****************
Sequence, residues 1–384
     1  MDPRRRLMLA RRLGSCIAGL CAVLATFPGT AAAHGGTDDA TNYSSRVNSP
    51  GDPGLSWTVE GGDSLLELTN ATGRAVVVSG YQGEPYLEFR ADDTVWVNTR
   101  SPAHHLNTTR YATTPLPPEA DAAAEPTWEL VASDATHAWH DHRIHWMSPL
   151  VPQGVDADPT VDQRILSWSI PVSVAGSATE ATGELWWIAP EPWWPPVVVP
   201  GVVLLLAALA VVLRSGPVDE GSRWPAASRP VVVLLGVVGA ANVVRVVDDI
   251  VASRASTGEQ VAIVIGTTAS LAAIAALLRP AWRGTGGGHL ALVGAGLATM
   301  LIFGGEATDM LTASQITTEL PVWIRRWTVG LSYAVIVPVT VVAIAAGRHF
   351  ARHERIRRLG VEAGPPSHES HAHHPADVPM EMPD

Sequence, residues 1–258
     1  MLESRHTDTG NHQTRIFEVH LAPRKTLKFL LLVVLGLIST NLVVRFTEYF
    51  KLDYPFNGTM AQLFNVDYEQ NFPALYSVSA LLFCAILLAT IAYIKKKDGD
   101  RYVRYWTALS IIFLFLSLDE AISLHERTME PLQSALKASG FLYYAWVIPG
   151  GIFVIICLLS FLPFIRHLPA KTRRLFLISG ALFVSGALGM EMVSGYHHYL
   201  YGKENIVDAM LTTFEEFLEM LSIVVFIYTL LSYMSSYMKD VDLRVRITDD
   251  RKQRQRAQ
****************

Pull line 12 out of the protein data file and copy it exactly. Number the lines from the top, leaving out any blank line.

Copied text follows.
    51  KLDYPFNGTM AQLFNVDYEQ NFPALYSVSA LLFCAILLAT IAYIKKKDGD